Like many 30-somethings, the Commodore 64 provided me with my first glimpse into the world of PC gaming. I remember giggling when enemies would kill themselves out of shame if I managed to hop past them in The Last Ninja, and being delightfully frustrated with the puzzles in Maniac Mansion. Karnov, WWF WrestleMania, and Jordon vs Bird: One on One were three other titles that were frequently loaded. As primitive as each of those games are compared to today, it's still hard to believe that the Commodore 64 platform is 30 years old. What's even more mind boggling is that it's still the greatest selling single PC model ever.
A dozen thrill seekers who jumped on board the Superman Ultimate Flight roller coaster at Six Flags Discovery Kingdom in Vallejo, California got more than they bargained for when a malfunction caused one of the cars to stall at the very top of the ride. Sitting 150 feet above the ground, passengers in the stalled car sat stranded on the ride's zenith (in an upright position) for about 90 minutes before being rescued, and a computer malfunction may be to blame.
YOU'RE FORGIVEN if you’ve never heard of Phanteks. After all, the company only makes one heatsink, though it comes in four colors, and it’s only been out since last fall. The Phanteks PH-TC14PE consists of a nickel-plated copper heatsink and five thick heat pipes, rising through two sets of anodized aluminum cooling fins in orange, blue, red, or plain ol’ aluminum.
Fans of Austrian engineering might notice that the PH-TC14PE looks a lot like Noctua’s NH-D14. They’re almost exactly the same (massive) size and follow the same basic design. The TC14PE’s box even says “Designed in Europe.” But, see, it’s totally different, because the Phanteks cooler has five thick heat pipes and the Noctua has six smaller-diameter pipes. The Phanteks’ colored fin stack is a tiny bit shorter than the tips of the Noctua’s heat pipes and around a tenth of an inch wider. Also like the Noctua, the Phanteks cooler can interfere with the RAM slots on some motherboards. We couldn’t install it at all on a microATX Rampage IV board, and we had to use RAM without towering heat spreaders on our P9X79 Deluxe board in order to install the Phanteks.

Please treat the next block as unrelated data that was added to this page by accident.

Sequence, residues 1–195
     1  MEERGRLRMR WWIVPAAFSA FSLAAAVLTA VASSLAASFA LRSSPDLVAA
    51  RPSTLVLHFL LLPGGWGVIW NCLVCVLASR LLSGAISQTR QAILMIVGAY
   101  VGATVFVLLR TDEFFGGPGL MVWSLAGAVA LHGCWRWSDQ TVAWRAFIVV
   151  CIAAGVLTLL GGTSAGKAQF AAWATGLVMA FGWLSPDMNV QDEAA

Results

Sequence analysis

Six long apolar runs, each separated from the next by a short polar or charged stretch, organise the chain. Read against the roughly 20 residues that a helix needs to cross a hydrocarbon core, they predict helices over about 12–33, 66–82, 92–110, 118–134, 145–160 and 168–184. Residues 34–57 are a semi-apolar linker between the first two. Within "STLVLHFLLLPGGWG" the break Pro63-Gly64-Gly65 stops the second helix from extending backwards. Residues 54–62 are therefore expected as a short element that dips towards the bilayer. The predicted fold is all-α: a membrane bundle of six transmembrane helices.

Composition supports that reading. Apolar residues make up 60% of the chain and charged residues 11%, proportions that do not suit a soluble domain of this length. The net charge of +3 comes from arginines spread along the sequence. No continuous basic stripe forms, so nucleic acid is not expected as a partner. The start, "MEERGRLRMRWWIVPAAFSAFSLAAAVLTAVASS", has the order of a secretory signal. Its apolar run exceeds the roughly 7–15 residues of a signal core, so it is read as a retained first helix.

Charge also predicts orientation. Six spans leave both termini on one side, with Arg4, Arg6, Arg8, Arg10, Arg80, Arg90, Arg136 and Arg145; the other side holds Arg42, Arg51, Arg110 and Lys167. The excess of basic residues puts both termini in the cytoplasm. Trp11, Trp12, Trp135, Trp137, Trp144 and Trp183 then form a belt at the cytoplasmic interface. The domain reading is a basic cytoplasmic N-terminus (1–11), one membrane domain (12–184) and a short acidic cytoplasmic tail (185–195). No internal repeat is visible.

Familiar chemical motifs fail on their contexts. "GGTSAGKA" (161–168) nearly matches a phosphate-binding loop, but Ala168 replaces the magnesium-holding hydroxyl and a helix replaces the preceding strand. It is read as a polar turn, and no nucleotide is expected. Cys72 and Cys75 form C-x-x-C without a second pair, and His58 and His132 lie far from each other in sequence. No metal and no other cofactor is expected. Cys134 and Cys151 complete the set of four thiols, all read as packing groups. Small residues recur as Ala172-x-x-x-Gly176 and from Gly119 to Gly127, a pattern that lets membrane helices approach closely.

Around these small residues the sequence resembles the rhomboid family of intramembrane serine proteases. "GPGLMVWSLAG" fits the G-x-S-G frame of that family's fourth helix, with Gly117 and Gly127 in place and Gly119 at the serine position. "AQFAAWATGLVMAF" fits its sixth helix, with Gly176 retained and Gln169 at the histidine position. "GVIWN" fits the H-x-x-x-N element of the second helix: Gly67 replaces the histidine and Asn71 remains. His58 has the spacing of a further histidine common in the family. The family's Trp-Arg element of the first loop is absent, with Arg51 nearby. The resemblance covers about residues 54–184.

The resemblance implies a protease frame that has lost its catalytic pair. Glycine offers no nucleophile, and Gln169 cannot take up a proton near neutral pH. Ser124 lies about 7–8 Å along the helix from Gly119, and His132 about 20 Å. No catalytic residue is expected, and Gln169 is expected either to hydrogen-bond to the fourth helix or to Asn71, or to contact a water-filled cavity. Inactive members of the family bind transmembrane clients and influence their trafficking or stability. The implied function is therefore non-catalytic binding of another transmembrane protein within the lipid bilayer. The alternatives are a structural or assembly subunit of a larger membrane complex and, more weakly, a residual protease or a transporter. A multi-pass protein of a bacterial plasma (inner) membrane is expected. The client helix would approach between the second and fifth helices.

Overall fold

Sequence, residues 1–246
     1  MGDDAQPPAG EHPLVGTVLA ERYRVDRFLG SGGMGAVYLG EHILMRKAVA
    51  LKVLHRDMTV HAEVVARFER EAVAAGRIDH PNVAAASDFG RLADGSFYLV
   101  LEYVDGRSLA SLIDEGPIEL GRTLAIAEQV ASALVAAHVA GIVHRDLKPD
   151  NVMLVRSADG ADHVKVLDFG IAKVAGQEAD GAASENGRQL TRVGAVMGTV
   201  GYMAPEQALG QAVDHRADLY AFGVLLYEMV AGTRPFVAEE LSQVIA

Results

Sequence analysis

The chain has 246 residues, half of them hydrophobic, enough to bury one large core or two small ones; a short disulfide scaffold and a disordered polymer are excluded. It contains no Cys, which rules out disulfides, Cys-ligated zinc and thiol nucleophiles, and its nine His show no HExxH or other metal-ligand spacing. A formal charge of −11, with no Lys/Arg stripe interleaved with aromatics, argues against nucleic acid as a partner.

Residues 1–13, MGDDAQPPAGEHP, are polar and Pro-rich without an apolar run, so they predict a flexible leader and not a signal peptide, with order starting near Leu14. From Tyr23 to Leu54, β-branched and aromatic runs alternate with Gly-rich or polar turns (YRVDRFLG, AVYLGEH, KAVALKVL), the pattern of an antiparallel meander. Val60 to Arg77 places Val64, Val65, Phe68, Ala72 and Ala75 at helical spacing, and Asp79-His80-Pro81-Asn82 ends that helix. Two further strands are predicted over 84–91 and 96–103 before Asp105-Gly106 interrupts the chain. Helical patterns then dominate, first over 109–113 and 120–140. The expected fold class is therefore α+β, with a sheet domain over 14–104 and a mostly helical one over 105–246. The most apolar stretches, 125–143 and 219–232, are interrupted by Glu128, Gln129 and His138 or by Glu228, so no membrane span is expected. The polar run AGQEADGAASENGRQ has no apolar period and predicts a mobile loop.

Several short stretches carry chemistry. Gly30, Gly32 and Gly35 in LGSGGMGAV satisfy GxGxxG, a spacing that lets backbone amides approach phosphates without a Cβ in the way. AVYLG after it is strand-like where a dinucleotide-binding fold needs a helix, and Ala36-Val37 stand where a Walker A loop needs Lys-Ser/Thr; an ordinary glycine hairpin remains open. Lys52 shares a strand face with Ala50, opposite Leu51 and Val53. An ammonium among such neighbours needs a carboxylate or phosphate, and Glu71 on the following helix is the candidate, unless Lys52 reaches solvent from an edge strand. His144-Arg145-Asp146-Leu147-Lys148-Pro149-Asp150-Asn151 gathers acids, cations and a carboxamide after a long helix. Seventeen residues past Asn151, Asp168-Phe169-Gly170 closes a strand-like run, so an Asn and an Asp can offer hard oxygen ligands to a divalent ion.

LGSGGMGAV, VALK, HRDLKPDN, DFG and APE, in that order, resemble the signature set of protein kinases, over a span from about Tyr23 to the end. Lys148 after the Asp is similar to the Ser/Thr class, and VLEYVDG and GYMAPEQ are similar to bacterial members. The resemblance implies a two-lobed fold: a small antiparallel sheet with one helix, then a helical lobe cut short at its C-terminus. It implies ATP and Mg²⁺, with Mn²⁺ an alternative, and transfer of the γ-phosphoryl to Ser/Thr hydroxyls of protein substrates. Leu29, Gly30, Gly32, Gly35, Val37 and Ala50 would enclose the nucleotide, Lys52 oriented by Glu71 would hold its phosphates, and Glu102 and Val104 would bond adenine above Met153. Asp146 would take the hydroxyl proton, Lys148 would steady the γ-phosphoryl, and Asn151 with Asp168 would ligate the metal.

Dell’s XPS 13 certainly isn’t wanting for style. Sporting a slick wedge profile that measures .24–.71 inches front to back, the XPS 13 is all matte-silver, machined aluminum up top, with a carbon fiber base. A soft-touch surface on the bottom makes the device easy to grip and two rubber “feet” that run horizontally along the underside will surely hold it in place on any surface and promote airflow. Dell even took care to construct a thin metal door on the XPS 13’s underside to hide the Windows certificate of authenticity sticker and sundry other unsightly logos.
An embedded magnet keeps the lid securely attached to the base when the laptop is closed, but opening it can be a challenge—it’s a two-handed affair. Inside, the XPS 13 continues its logo-free theme (save for the “XPS” on the screen bezel). The black, soft-touch palm rest is void of third-party branding. It’s kept company by a black magnesium clickpad and a shiny black island keyboard, which is backlit. The screen consists of edge-to-edge Gorilla glass. As with the HP Folio 13, it’s 13.3 inches with a 1366x768 resolution. The TN panel displays all the typical weakness—move your head or the screen beyond the narrow sweet spot and see contrast and colors diminished.
The first thing you notice about the Kone+ is the sheer size of it. It doesn’t look that large in pictures, but when you hold it in your hands, it becomes apparent that this is one of the larger mice on the market. Lengthwise it’s about the size of other long mice, like the Razer Mamba, but it’s wider and taller throughout the whole body of the mouse. It comes with a set of adjustable weights, and is comfortable in the hand, as long as you prefer a grip where your palm rests on the mouse—if you don’t, the Kone+ isn’t the right shape for you.
The Kone+ has the button-count we’ve come to expect from a FPS or general-purpose gaming mouse. It has two well-positioned thumb buttons that are large and easy to hit, as well as dpi and profile controls. One feature you don’t commonly see on gaming mice is the tilt scroll wheel. The feature, which allows you to tilt the scroll wheel to the right or left as additional buttons, is traditionally found on office mice, not gaming mice. We suspect that the reason for this is because the additional freedom of movement in the scroll wheel makes the regular downward click feel slightly less responsive, and we could have done without it on the Kone+.